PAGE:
1. MSG Networks (subsidiary of Madison Square Garden, broadcast NHL & NBA) - FYE 6/2022 Operating Margin of 45%, FYE 6/2021 Operating Margin of 30%
  2. Sinclair Broadcasting Group Local Sports Segment (Bally RSNs) - FYE 12/2021 Operating Margin of -10% (notes to the annual report indicate that this is low do to one time items and should return to prior year levels in 2022), FYE 12/2020 Operating Margin of 25%

We have some leeway here between 25% and 45% operating margins, which stretches income from $69-$124 million, so let’s use an operating margin of 30% and estimate operating income to be somewhere around $82 million for 2022.

The Mariners own 71% of Root, so we can calculate that its revenue increases by an additional $59 million and its valuation increases by an additional $735 million. When factoring in this majority ownership in Root, revenue is nearly 20% higher than previously reported by Forbes at $372 million and franchise value is nearly 50% higher than projected by Forbes at $2.45b. This additional information translates into the Mariners actually being the 9th highest revenue generating and the 7th most valuable franchise.

With all that said, rankings can be limiting because of the lack of context surrounding the magnitude of separation between the ranked teams. In order to understand this, we can drill down a little bit more to understand the distribution of those teams in the top 10. Here’s a tiered view of teams sorted by 2022 projected revenue:

Median MLB Team (2021 Revenue | 2021 Valuation | RSN Ownership | 2022 Payroll)

  • $287 million | $1.7 billion | n/a | $150 million

For context, the median team here represents a place between the ‘haves’ and the ‘have nots’ and essentially defines the mid-market team.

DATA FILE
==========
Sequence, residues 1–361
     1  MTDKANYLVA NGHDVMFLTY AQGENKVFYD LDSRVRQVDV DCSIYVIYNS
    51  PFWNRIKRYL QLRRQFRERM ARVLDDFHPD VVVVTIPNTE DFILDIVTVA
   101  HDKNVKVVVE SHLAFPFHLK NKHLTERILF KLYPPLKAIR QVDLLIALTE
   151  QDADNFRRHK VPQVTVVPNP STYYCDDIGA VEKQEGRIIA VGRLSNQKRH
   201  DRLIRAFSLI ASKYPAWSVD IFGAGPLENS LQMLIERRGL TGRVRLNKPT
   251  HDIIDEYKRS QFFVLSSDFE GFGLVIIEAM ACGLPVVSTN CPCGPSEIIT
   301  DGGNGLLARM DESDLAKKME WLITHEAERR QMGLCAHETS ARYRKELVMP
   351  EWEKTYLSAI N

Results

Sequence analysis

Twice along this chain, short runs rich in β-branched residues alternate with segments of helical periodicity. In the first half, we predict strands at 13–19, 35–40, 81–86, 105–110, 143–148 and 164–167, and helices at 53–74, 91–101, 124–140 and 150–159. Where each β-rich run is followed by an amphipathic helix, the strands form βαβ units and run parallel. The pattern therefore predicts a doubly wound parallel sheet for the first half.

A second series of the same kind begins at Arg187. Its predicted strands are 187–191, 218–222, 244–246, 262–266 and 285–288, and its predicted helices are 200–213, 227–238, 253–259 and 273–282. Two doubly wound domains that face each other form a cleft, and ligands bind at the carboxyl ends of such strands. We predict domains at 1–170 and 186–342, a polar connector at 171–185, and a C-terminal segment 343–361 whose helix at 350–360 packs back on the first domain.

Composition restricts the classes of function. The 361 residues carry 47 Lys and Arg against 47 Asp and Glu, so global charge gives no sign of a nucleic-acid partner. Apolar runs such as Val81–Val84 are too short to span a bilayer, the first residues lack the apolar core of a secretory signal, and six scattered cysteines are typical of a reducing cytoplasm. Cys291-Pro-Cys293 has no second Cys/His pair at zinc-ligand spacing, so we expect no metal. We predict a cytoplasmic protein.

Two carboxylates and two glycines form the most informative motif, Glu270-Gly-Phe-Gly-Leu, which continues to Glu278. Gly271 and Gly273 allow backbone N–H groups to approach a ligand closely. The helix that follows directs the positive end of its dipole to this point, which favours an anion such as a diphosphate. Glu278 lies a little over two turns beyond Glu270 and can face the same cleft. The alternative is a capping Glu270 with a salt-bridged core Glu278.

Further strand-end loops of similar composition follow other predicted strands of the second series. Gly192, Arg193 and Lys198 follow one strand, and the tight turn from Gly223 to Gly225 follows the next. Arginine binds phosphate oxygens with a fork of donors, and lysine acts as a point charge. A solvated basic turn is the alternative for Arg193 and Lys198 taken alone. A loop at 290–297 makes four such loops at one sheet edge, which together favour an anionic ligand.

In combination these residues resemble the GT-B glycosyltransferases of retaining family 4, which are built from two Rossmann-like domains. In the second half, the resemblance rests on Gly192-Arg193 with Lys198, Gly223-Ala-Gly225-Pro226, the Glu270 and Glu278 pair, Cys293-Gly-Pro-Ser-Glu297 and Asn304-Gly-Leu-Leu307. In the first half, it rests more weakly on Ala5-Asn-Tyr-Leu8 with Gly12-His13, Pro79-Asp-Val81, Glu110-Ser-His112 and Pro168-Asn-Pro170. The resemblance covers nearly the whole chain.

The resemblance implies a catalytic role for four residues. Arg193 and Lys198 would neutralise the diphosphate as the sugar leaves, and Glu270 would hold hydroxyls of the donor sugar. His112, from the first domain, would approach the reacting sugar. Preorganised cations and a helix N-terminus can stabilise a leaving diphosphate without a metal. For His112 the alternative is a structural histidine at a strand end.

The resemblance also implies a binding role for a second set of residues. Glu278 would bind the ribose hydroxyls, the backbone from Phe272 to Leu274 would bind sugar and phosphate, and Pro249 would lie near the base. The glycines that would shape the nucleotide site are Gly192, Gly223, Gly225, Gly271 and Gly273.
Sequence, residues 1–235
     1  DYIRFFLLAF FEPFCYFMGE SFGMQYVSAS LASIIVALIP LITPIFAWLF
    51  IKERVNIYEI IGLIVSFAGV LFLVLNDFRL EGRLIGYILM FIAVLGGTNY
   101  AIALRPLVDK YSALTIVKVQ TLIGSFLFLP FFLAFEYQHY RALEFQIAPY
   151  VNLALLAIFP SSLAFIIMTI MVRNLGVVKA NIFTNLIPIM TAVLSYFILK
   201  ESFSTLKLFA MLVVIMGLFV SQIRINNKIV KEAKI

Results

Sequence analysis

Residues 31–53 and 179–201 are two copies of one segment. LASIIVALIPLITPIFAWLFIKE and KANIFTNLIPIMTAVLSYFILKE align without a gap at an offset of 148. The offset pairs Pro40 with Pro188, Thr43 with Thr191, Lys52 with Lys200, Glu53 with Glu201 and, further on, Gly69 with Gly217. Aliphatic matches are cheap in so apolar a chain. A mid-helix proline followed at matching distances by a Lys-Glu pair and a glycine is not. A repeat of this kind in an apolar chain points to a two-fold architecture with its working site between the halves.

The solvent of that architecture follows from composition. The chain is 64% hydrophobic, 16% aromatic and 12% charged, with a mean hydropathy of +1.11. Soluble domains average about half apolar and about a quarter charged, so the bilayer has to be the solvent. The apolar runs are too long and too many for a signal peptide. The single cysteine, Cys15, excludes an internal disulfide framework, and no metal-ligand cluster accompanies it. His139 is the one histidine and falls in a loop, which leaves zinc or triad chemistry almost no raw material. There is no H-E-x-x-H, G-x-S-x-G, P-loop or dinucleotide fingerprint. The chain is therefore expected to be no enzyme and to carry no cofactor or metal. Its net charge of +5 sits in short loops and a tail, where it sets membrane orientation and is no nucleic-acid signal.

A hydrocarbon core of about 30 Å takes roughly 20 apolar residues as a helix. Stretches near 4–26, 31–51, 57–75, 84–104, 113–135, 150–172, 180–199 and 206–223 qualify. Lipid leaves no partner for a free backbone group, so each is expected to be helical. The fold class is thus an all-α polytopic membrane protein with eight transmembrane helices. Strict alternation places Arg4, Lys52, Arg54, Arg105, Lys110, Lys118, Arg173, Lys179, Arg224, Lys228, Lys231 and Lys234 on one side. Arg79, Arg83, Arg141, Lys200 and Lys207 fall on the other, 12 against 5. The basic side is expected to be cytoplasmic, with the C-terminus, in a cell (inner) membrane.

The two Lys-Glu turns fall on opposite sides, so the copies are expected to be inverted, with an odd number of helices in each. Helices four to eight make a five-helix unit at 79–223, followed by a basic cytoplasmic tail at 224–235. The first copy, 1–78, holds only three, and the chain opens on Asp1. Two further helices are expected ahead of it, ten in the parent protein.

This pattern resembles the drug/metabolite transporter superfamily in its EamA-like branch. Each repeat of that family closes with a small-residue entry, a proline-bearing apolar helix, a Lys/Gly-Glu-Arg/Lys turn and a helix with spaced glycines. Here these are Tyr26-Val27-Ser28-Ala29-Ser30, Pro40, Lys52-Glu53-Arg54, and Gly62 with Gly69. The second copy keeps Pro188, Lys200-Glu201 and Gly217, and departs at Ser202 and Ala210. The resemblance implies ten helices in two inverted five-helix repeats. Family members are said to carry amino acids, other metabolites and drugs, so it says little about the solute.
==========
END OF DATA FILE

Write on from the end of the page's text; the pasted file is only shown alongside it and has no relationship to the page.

Tier 1 (2021 Revenue | 2021 Valuation | RSN Ownership | 2022 Payroll)

  • LAD - $565 million | $4.075 billion | 50% | $271 million
  • NYY - $482 million | $6 billion | 30% | $253 million

The Yankees and Dodgers are a cut above the rest. They both pull in ridiculous amounts of revenue, have decently sized stakes in their RSNs and show elite valuations.

Tier 2 (2021 Revenue | 2021 Valuation | RSN Ownership | 2022 Payroll)

  • BOS - $479 million | $3.9 billion | 80% | $212 million
  • ATL - $443 million | $2.1 billion | 0% | $183 million
  • CHC - $425 million | $3.8 billion | n/a | $151 million

The next tier of Boston, Chicago and Atlanta are just barely out of reach of the top two. These teams are in smaller markets, but are well developed baseball organizations that can stretch their financial resources to compete above their tier and against anyone in baseball.

Tier 3 (2021 Revenue | 2021 Valuation | RSN Ownership | 2022 Payroll)

  • HOU - $388 million | $1.98 billion | n/a | $183 million
  • TEX - $387 million | $2.05 billion | 10% | $150 million
  • SFG - $384 million | $3.5 billion | 30% | $161 million
  • SEA - $372 million* | $2.4 billion | 71% | $116 million
  • LAA - $331 million | $2.2 billion | 25% | $180 million

Now we come to the Mariners’ tier, which is essentially the ‘AL West, but with the better team from the Bay’. The teams are a step below the top 5, but are also something akin to a staircase above the median MLB team (aka mid-market teams). This group has teams that are only separated from nominal amounts of revenue. Revenue fluctuations year to year and/or income from their RSNs make all five teams in this tier interchangeable (note that (1) *changes to our operating margin assumption above result in a revenue range for Seattle stretching from $361 to $401 million and that (2) we’ve not factored in estimated RSN income streams outside of Root/Seattle, though since the others are, if anything, minority owners and, as such, would have smaller impacts to their revenue and valuations).

Overall, I think it’s safe to say that Seattle is a team that should have the ability to financially compete head to head with any/all teams outside of the top 5 in baseball and are not at all a ‘mid-market Revenue club’. The organization is welcome to benchmark its payroll against mid-market teams if it so desires, but it really should be truthful about having different payroll constraints than that of its financial peers.